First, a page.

I wore rubber gloves while I de-husked the black walnuts… Dehusking was hard on the gloves and they kept tearing on me… which is why I still ended up with stained fingers! (Yes, this stuff will stain countertops and everything else it touches, including the pots, strainers and other equipment that you need to process it with, so just be forewarned if you plan to try this. It’s best to set aside equipment just for this purpose.) (source)
“It’s best” to designate pots and supplies (and by “supplies” I mean, an entire kitchen) for the sole purpose of ink making. If you’re making that much of commitment to ink-making you’re going to want to have a lot of ink-using activities planned. So you can pretty much kiss blogging goodbye. Or write all your blog posts with the ink and then just photograph or scan the pages and post those.
I actually took the time to pick out the worms. I’m vegetarian and couldn’t stand the thought of bugs in my ink… it would’ve been a lot simpler just to boil the husks whole, but I knew a lot of worms would’ve been inside them and that would’ve bothered me to kill them. (source)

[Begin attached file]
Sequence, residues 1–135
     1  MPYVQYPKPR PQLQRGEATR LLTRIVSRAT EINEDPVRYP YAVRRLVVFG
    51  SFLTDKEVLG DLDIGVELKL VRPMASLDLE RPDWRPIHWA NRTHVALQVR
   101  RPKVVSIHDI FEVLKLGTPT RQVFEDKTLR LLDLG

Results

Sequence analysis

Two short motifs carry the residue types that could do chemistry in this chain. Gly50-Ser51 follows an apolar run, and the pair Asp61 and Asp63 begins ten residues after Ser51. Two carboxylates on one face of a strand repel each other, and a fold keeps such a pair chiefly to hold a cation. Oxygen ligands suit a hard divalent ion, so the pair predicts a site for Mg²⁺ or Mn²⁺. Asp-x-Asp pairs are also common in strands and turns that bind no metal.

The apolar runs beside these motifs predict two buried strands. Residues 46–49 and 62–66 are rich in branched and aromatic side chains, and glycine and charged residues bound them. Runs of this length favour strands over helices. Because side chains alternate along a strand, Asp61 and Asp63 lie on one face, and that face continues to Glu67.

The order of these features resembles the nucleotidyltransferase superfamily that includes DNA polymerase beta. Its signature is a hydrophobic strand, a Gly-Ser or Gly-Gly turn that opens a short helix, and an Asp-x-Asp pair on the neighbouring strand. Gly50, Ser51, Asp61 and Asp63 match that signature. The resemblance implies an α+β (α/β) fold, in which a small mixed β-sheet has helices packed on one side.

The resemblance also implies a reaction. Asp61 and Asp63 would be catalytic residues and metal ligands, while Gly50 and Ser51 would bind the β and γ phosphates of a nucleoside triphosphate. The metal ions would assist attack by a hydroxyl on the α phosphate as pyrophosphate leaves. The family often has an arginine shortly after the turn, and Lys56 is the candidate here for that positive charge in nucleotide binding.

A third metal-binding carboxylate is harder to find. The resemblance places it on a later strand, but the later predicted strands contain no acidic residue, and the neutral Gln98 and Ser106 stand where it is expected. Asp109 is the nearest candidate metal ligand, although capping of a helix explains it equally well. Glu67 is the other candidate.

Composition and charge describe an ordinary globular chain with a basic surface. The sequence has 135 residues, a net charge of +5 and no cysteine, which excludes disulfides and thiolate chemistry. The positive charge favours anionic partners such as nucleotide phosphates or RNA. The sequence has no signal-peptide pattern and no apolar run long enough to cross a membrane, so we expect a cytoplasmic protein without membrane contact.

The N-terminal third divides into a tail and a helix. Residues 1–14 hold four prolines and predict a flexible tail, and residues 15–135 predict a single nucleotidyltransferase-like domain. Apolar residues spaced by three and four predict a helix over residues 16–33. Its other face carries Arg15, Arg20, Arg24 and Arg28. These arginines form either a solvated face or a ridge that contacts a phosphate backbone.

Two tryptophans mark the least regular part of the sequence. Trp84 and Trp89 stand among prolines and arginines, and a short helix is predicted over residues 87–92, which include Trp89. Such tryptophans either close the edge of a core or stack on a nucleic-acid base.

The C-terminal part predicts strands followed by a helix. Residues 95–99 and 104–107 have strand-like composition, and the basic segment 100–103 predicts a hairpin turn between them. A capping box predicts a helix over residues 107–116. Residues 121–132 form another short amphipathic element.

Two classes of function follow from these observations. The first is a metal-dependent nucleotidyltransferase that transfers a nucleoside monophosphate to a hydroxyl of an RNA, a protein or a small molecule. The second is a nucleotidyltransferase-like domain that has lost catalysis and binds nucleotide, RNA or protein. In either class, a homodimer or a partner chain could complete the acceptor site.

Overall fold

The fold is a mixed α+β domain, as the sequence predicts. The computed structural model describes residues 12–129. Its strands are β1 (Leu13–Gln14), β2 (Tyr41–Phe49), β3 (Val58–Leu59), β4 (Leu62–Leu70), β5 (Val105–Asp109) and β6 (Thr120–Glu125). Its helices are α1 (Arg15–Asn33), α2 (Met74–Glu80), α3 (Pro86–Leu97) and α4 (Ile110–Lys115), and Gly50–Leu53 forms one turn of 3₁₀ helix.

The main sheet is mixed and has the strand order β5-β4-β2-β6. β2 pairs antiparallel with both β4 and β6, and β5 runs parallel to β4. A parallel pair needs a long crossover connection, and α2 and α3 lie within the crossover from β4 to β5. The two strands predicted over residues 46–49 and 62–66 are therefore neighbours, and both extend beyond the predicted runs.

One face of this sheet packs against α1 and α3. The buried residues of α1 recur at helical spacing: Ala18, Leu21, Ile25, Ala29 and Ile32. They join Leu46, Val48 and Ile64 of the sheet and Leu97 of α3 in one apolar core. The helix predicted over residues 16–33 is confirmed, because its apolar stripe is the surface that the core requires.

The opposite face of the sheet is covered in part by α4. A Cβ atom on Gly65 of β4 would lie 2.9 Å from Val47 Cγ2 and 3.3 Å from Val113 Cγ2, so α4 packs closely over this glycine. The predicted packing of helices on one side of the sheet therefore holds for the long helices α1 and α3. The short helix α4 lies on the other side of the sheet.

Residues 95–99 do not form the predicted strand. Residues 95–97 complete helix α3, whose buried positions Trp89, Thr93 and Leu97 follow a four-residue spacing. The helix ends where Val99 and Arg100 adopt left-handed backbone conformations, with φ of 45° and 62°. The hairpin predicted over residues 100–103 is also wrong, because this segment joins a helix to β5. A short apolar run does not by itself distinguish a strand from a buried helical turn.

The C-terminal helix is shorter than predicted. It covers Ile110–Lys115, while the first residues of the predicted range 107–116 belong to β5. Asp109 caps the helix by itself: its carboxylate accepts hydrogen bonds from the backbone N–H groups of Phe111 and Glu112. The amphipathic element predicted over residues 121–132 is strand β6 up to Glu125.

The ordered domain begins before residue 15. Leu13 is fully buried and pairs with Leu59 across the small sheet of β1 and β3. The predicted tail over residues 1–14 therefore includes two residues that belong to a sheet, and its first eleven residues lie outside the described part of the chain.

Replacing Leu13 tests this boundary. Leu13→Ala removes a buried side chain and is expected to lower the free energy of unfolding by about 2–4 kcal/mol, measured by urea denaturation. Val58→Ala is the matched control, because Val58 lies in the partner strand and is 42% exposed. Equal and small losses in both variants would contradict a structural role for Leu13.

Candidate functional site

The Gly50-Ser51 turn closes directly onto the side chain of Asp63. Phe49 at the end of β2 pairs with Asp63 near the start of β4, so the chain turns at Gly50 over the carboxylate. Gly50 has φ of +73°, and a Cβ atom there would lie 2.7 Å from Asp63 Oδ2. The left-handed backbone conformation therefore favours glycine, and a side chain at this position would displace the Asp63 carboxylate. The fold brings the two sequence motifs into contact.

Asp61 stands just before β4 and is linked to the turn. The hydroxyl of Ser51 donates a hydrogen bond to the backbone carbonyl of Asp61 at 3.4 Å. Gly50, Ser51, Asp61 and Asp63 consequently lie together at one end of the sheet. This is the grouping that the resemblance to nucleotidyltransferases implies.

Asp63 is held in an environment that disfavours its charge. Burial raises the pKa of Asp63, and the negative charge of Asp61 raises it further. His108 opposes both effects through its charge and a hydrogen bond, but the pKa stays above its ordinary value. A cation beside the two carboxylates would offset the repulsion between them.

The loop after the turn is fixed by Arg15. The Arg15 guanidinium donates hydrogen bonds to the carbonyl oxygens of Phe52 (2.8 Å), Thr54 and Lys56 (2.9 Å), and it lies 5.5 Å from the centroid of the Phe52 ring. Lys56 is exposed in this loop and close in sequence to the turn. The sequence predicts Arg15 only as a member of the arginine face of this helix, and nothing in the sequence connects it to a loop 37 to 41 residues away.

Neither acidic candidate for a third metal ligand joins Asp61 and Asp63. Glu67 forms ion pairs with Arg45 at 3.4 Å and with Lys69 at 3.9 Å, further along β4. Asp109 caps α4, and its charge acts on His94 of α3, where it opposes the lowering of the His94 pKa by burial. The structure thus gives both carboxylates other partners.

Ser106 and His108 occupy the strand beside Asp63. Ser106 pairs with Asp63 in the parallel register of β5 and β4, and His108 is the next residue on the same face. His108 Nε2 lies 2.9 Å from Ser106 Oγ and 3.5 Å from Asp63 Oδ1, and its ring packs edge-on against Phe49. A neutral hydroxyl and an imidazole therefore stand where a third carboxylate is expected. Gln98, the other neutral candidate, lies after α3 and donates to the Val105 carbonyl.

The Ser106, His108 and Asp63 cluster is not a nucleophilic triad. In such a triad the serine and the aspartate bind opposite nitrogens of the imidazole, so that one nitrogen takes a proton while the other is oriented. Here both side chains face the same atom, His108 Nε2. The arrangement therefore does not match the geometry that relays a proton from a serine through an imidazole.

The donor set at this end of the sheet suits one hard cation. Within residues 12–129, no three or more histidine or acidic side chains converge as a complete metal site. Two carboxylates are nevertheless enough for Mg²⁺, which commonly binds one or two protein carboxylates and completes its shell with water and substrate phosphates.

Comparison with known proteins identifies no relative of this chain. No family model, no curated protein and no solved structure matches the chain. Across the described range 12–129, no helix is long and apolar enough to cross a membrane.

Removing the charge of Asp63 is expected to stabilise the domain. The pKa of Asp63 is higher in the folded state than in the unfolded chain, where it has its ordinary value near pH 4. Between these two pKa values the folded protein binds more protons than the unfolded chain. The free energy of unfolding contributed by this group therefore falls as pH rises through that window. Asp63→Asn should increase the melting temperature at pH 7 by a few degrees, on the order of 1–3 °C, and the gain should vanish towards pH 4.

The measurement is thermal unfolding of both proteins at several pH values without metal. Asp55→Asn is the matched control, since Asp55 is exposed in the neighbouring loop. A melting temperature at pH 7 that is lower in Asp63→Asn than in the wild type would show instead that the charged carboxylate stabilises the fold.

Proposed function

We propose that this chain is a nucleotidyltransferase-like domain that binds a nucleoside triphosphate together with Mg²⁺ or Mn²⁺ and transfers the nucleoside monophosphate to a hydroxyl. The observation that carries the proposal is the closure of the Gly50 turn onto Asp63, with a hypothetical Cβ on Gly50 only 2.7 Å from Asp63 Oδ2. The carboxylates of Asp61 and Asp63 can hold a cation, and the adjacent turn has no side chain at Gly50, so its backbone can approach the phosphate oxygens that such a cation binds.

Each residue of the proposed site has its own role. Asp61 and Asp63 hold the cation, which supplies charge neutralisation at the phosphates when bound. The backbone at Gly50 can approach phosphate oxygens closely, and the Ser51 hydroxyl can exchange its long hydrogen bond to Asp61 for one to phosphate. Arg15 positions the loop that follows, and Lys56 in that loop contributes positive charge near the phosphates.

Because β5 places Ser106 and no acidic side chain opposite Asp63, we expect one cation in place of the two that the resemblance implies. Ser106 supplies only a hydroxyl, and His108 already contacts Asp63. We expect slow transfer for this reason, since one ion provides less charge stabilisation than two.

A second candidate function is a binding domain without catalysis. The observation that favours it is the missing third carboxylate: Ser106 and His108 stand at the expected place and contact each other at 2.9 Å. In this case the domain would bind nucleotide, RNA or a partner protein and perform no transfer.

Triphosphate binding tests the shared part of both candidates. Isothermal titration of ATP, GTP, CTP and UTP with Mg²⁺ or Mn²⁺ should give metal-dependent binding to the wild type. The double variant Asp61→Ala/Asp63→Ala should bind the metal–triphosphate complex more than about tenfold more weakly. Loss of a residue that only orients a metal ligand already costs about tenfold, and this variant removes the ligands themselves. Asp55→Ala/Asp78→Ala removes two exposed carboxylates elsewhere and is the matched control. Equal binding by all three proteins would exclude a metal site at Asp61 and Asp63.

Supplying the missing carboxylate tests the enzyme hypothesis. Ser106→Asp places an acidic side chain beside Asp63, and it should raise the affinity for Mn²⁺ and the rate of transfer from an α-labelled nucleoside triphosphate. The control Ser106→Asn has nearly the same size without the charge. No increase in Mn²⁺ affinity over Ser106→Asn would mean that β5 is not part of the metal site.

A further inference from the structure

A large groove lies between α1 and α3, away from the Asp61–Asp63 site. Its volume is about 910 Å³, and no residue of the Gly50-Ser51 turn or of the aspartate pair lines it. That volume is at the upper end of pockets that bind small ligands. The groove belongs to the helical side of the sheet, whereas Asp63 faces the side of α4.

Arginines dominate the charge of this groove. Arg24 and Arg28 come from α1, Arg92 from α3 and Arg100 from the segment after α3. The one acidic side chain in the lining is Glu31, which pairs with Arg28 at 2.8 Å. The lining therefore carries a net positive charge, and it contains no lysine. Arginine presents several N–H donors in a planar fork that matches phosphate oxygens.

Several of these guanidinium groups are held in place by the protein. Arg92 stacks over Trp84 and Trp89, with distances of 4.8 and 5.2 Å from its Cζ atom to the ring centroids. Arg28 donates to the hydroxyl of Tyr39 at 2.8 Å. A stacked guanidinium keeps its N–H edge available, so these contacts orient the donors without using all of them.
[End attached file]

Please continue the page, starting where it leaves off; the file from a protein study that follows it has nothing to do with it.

If you truly want to connect to the essence of the ink, you need to rescue the husk maggots. Black walnuts support these nonviolent creatures. If you fail to support these writhing gems, the ink’s harmony will be all thrown out of whack. Be one with the walnuts.
Step 2: Soak the Walnut Husks/Separate the Husks from the Nuts
The easiest way to obtain the husk material is to strew the nuts in your driveway and drive over them a few times. The shells are so hard, the weight of the car won’t smash them.
Let me reiterate: Drive over them A FEW times.